Fischell Department of Bioengineering, University of Maryland, 8228 Paint Branch Drive, College Park, MD 20742 USA.

Biomaterial vaccines offer cargo protection, targeting, and co-delivery of signals to immune organs such as lymph nodes (LNs), tissues that coordinate adaptive immunity. Understanding how individual vaccine components impact immune response has been difficult owing to the systemic nature of delivery. Direct intra-lymph node () injection offers a unique opportunity to dissect how the doses, kinetics, and combinations of signals reaching LNs influence the LN environment. Here, injection was used as a tool to study the local and systemic responses to vaccines comprised of soluble antigen and degradable polymer particles encapsulating toll-like receptor agonists as adjuvants. Microparticle vaccines increased antigen presenting cells and lymphocytes in LNs, enhancing activation of these cells. Enumeration of antigen-specific CD8 T cells in blood revealed expansion over 7 days, followed by a contraction period over 1 month as memory developed. Extending this strategy to conserved mouse and human tumor antigens resulted in tumor antigen-specific primary and recall responses by CD8 T cells. During challenge with an aggressive metastatic melanoma model, . delivery of depots slowed tumor growth more than a potent human vaccine adjuvant, demonstrating local treatment of a target immunological site can promote responses that are potent, systemic, and antigen-specific.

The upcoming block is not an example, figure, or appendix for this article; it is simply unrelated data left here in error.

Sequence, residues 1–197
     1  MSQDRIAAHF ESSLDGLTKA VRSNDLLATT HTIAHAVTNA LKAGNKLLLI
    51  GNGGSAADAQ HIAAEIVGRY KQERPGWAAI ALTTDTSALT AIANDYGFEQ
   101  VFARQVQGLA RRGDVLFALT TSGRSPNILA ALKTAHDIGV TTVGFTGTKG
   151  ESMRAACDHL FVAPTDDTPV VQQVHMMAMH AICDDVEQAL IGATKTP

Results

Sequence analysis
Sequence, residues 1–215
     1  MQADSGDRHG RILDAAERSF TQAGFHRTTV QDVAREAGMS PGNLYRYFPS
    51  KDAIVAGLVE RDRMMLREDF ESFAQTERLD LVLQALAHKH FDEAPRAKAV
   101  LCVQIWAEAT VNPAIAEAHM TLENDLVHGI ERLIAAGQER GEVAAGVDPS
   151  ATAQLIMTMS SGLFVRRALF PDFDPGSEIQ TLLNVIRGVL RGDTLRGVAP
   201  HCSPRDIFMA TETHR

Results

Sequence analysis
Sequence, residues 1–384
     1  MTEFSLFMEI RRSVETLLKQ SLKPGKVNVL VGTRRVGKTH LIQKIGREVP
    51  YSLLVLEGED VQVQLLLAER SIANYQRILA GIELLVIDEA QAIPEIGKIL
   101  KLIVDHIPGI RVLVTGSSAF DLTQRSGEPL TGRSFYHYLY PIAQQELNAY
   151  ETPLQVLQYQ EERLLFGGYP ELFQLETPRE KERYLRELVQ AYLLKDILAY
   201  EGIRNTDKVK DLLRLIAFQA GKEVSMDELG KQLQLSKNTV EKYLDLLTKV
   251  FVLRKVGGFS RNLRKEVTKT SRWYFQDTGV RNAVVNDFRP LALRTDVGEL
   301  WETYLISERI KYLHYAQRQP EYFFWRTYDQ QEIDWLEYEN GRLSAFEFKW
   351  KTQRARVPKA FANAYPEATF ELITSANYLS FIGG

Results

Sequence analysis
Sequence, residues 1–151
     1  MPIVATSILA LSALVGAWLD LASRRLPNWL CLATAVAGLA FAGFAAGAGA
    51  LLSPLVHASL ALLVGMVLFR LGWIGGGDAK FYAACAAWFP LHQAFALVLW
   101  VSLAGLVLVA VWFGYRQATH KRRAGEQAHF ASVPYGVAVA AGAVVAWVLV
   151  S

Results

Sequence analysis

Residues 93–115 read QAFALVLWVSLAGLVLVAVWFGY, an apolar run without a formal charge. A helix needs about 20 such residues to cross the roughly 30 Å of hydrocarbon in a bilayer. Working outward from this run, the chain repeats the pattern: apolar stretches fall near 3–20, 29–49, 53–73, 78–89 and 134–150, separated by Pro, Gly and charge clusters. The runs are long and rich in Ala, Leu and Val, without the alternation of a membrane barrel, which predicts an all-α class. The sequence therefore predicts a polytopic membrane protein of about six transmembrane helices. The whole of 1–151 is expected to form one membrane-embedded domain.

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http://dx.doi.org/10.1007/s12195-016-0455-6DOI Listing
http://www.ncbi.nlm.nih.gov/pmc/articles/PMC4978773PMC
June 2016